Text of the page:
Tyson to ban cattle fed with Zilmax
By Doug Rich
In a recent letter to cattle feeders Tyson announced it would not accept cattle fed with Zilmax (zilpaterol hydrochloride) after Sept. 6.
The letter stated that this is not a food safety issue but an animal well-being issue. According to Springdale, Ark.-based Tyson Foods, there have been instances of cattle delivered for processing that have difficulty walking or are unable to move. Although the letter to cattle feeders said that the specific cause of these problems is not known, animal health experts have suggested that the use of Zilmax is one possible cause.
“As you know, animal well-being is extremely important to our business,” the letter stated. “This is why we want to express our continued concerns about the receipt of cattle that become non-ambulatory or lame at some of our beef plants. Our evaluation of these problems is ongoing but as an interim measure we plan to suspend our purchases of cattle that have been fed Zilmax.”
Zilmax is a Food and Drug Administration–approved feed supplement marketed by Merck. According to the Merck marketing website, Zilmax has been approved for use by cattle farmers globally for more than two decades and was approved for use in the U.S. in 2007. Zilmax is fed to cattle for a short period of time when they become less efficient at metabolizing their feed and typically gain excess fat.
According to the website when feed containing Zilmax is consumed it attaches to a specific receptor on muscle tissue, much like fitting a key into a lock. This signals the muscle to use the energy from the feed to make more lean beef instead of excess fat.
Zilmax is one of two beta agonist feed supplements approved by the Food and Drug Administration. The other is OptaFlexx (ractopamine hydrochloride) marketed by Elanco.
According to a University of Wisconsin Extension report published in 2011, Zilmax is a more potent beta agonist than Optaflexx. This report stated that research has not observed any negative effects on animal conformation. However, cattle with poor skeletal structure (post legged, straight fronted) may have problems with the added muscle.
The official statement from Merck about Zilmax stated, “The benefits and safety of Zilmax are well documented. Zilmax has a 30 plus year history of research and development and rigorous testing. Worldwide regulatory agencies have reviewed extensive data on Zilmax and have concluded that the use of Zilmax, according to the label, is safe in cattle.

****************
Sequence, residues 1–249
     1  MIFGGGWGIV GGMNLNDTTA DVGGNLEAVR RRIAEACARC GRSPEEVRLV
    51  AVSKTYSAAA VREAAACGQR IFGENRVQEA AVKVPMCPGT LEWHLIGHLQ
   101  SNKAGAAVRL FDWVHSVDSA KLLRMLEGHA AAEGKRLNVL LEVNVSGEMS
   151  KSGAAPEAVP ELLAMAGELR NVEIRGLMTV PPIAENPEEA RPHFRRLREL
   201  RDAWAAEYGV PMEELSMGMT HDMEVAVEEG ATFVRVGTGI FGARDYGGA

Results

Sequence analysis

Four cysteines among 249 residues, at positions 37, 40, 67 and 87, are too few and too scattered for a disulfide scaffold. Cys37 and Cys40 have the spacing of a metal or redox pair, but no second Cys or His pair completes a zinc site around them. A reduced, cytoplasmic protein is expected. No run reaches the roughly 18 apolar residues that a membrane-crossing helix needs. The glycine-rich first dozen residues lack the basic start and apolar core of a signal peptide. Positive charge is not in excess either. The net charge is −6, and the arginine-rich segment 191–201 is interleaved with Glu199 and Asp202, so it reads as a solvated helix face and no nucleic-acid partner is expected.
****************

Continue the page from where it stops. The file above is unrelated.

“We are surprised by Tyson’s letter. We are confident that, based on all of the available data on Zilmax, the experience reported by Tyson is not attributable to Zilmax. Indeed Tyson itself points to the fact that there are other possible causes and that it does not know the specific cause of the issues it recently experienced. We will continue to work with Tyson to help it identify those others causes.”
Tyson purchases nearly 26 percent of all the cattle coming out of feedlots in the U.S. It is still too early to tell what effect this decision will have on the beef market.
“Right now, if Tyson is the only one to stop utilizing the product, it is worth about 50 cents to $1 on the fed market,” Mike Murphy, market analyst with CattleFax, said. “If we have other packers that would go ahead and follow suit and everyone stops using the Zilmax product then we have to decide how much more OptaFlexx is being utilized. If you think some Optaflexx is being utilized then you get up to about $2.50 per hundredweight on the fed cattle market.”
“Right now it is kind of early because we have not heard from either JBS or National on what they expect to do,” Murphy said. “We need to give it time to see what the next step is.”
On Aug. 12 National Beef released the following statement:
“Recently, concerns have been raised regarding Zilmax, an FDA approved feed supplement widely used by farmers and ranchers throughout the beef community, and its possible effect on animal well-being. National Beef places a high priority on animal welfare with cattle in our facilities and we do not plan to change our cattle procurement practices.”
In their official statement Cargill officials stated that animal welfare is a top priority for them, as well.
“Cargill has not experienced an animal well-being incident that we could directly link to the use of Zilmax,” the statement said. “We are monitoring the situation closely and are working with leading industry experts to gather more information to better understand the facts surround the incident.”
Murphy said that if Tyson were the only packer to ban cattle fed Zilmax it would not have a huge impact on the retail beef supply. He said it would not be a market changer by any means.
“If the other packers continue to use the product, whether it is a regional packer or the majors, there will be more people that want to put cattle into their systems,” Murphy said.
Doug Rich can be reached by phone at 785-749-5304, or by email at email@example.com.